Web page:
Family treasures make Christmas more special
PUBLISHED: 11:26 23 December 2011
Archant © 2011
THE festive tale of a Gorleston grandmother’s top-of-the-tree dilemma has sparked a number of similar tales from readers who think older is better when it comes to Christmas decorations.
Two weeks ago the Mercury featured 66-year-old Judith Simmons, who was having to decide whether she wanted to keep on using the Christmas fairy she bought when first married in 1968, or a newer model purchased just a few years ago. And a number of emails that appeared in our inbox show that she is not alone in preferring to stick with tradition.
Derek Thompson, of Westerley Way in Caister, also bought a fairy for his first Christmas together with his wife Yvonne 49 years ago for around 30p from Woolworths in Great Yarmouth.
He explained that their seasonal purchase had remained in her rightful position ever since, despite going through a few new dresses in that time.
Mr Thompson, 74, also added the fairy was not their only historic decoration.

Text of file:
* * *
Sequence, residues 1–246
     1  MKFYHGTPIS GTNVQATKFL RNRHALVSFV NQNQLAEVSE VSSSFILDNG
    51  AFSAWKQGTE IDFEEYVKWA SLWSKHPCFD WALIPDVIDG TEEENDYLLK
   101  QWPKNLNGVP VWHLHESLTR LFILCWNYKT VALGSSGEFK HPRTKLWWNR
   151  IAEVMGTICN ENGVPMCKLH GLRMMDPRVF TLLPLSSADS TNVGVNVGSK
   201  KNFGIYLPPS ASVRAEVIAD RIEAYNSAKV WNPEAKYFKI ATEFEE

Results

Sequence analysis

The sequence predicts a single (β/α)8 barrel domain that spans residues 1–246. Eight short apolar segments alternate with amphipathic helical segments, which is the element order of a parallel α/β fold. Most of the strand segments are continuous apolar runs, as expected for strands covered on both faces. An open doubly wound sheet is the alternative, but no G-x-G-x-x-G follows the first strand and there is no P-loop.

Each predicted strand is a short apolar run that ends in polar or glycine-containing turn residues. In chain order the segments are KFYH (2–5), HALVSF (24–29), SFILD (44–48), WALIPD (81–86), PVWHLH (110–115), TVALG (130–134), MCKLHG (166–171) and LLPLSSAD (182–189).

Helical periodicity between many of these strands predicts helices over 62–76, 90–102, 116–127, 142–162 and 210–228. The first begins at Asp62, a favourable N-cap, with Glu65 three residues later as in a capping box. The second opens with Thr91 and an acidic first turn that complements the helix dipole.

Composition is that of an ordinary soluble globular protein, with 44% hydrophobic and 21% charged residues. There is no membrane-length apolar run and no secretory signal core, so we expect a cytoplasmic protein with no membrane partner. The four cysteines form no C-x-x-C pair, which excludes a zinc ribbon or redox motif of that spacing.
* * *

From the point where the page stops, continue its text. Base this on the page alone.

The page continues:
“We also have a glass trumpet that was given to us by my mother and comes from before the second world war,” he said.
“Most of my early Christmases were spent during the wartime and we didn’t have Christmas trees then so how it lasted during then I don’t know.”
Also following the wedding trend was 69-year-old Kate Page, who bought her Christmas fairy after marrying husband Charlie in 1960, and despite being given a shiny replacement by her daughter Annette is sticking with the old favourite.
“She said it looked a bit pathetic, but even though the fairy may look it to everyone else, I think she looks marvellous,” said Mrs Page, who lives in Marsh Road, Potter Heigham.
“We’ve kept her for sentimental reasons, and I take special care when I’m putting her away so that she is fine for the next year.”
Meanwhile, Pat Newman, 64, told of a fairy doll she puts on her windowsill that survived the 1953 Yarmouth floods, and for many of those who got in touch with us, the hope remained that these symbols of times past would be handed on to future generations.
Susan Moore bought a tiny Christmas tree for her grandmother when she was just seven years old.
Mrs Moore, of Martham, explained that she had transferred it to her home after her grandmother’s death around four decades ago as a way of remembering her, adding that it now took pride of place on the left hand corner of her windowsill.
She told the Mercury: “I have three children, and one of them will have it when something happens to me. They’re very enthusiastic about it and hopefully it will be passed down the generations.”
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